(The following blog contains spoilers about the Feb. 21 episode of AMC’s “The Walking Dead.” If you haven’t watched, back away!)
Jesus is coming! Jesus is coming!
While I’d be happy to discuss my faith with you one-on-one, in this instance, I’m referring to Jesus the character from “The Walking Dead” graphic novels. I’ve wanted to shout this since early September, when I spent the day on the set of the AMC series watching (repeatedly) the filming of the introduction of Jesus to the storyline.
As articles began to emerge questioning whether Jesus would appear this season or what actor would play him, I would lock myself in my bedroom; smother a pillow over my face and yell, “TOM PAYNE!”. Thankfully, given the lengthy non-disclosure agreement I had to sign, no one heard me. But now that the episode has aired, I can finally talk about what it was like to spend the day on cable’s number-one rated TV series.
WEAR CLOSED-TOE SHOES
Being that I was born and raised in Georgia, I thought I had a leg up here. The calendar may have read September, but I knew it would be dog days of August hot. Shorts didn’t seem appropriate, but I could wear a casual dress and get the same effect. This was brilliant, but my sandals were my Achilles heel. After convincing sheriff’s deputies to let me past road closure signs and on to base camp (where the cast and crew gather away from the actual set), I was quickly told I was not getting on set without closed-toe shoes. The helpful publicist I was with grabbed her phone to look for a nearby Target, but being well-acquainted with rural Georgia, I knew Walmart or Family Dollar was my best bet. The closest store was a Walmart 20 minutes away. I ended up with an unstylish, but comfy pair of slip-ons with memory foam—and thankfully no tickets—as I raced back to set in my rental car, berating myself for a poor footwear choice.
THE APOCALYPSE IS REAL IN GEORGIA
Let me preface this by saying Georgia, in particular rural Georgia, is among my favorite landscapes in all the world. Overgrown kudzu creeping over abandoned buildings, crumbling mills, red clay dirt, weathered, country churches… It’s beautiful. It’s also not that far removed from what a world without civilization would look like, which brings us to the day’s set. An old gas station that was actually a working store, complete with mechanical gas pumps where the numbers scroll by on a dial. It was closed for the day’s filming, but the windows proudly advertised “Live Bait” with “Boiled Peanuts” and “Barbecue” printed underneath (in that order). Payne, a native of England, mused that it was quite a combo. “Imagine what it must smell like inside,” I said, which made him giggle. I made Jesus laugh! When I conferred with set design, I was told they really didn’t have to make many changes to the store to give it that deserted TWD feel. The kicker… the road running right next to the gas station is called Walker’s Mill Road.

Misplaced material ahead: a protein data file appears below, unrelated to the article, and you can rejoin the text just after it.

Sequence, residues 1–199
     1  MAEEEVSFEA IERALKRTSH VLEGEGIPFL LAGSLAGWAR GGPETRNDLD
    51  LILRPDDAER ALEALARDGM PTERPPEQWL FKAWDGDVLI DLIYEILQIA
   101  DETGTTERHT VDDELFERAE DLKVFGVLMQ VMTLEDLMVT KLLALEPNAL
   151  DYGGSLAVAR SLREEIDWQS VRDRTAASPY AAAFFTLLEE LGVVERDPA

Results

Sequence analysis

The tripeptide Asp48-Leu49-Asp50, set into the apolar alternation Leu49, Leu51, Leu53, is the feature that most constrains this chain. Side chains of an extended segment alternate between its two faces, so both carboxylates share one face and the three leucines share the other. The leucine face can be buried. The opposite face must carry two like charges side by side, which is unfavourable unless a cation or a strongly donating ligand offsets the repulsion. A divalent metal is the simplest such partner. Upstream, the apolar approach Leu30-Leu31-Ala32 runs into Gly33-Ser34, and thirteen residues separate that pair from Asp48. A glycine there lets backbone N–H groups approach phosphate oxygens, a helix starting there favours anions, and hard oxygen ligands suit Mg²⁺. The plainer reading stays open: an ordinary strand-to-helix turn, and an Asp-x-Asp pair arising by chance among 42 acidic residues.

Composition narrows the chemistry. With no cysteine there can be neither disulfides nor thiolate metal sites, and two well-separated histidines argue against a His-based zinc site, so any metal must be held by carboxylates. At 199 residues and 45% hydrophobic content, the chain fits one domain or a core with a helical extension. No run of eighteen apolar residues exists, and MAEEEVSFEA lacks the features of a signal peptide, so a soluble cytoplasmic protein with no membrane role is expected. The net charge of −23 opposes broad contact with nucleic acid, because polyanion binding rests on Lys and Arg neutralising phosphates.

THERE GOES JESUS
As a fan of the show, I was fascinated watching the detail that went into just the short scene marking Jesus’ appearance. There were so many subtle things that were being taken into account, which seemed huge during filming, but I wondered if viewers caught them. Like how Payne splayed his hands as though on the cross when he he said his nickname. Or the image of Daryl’s (Norman Reedus) angel wings as he dismissed the new kid with, “the guy calls himself Jesus.” The shot of Rick (Andrew Lincoln) dropping the keys into his back pocket. Payne’s accent. While the cast is filled with English actors, he’s the newest on the scene and everyone was waiting for him to open his mouth. The episode’s director, writer and others all cheered over his American accent. Every detail was scrutinized, including whether Daryl should institute a full pat down of Jesus or if it was too distracting.
DARYL IS NOT THAT DIRTY
After friends and family tried to get plot spoilers from me, the second most common question was: Is Daryl that dirty? I can swear that the answer is no. He shook my hand and there wasn’t a single dirt smudge left behind. He put his arm around me and I smelled no B.O. As I watched the episode, I honestly thought, ‘Did they put a filter on him or something?’ because he looked pretty fresh to me that day. There is a makeup person who comes up to him on set at various times and squirts him in the face with water to give him that greasy redneck look. Given that temps were well into the 80s, I suggested that might feel pretty good. “It’s actually pretty annoying,” Reedus confided. Still, Jesus had it much worse. Check out the coat and hat he’s wearing.
JESUS TAKES THEIR WHEELS
As dramatic as it may have been to see Jesus peeling away in Daryl and Rick’s truck, it was even more intense to film. All day the stunt doubles hung around waiting for the big scene. Around 4pm, we got word that a thunderstorm was headed our way. It was time to do it now, and everyone pitched in. This included Lincoln and Reedus helping move a tent as storm clouds approached. There were safety directions given and the clouds grew darker and more ominous. Over walkie talkies, updates were coming over about how many minutes away the storm was. Action was called and the truck squealed away, and Lincoln and Reedus ran out onto the road to watch it disappear into the distance. As soon as wrap was called, the first clap of thunder came.
My only regret from my visit—I didn’t see a single zombie. Then again, maybe that was a good thing… Next time I’m in town I plan on picking up some barbecue and boiled peanuts. And perhaps some live bait will bring out the zombies.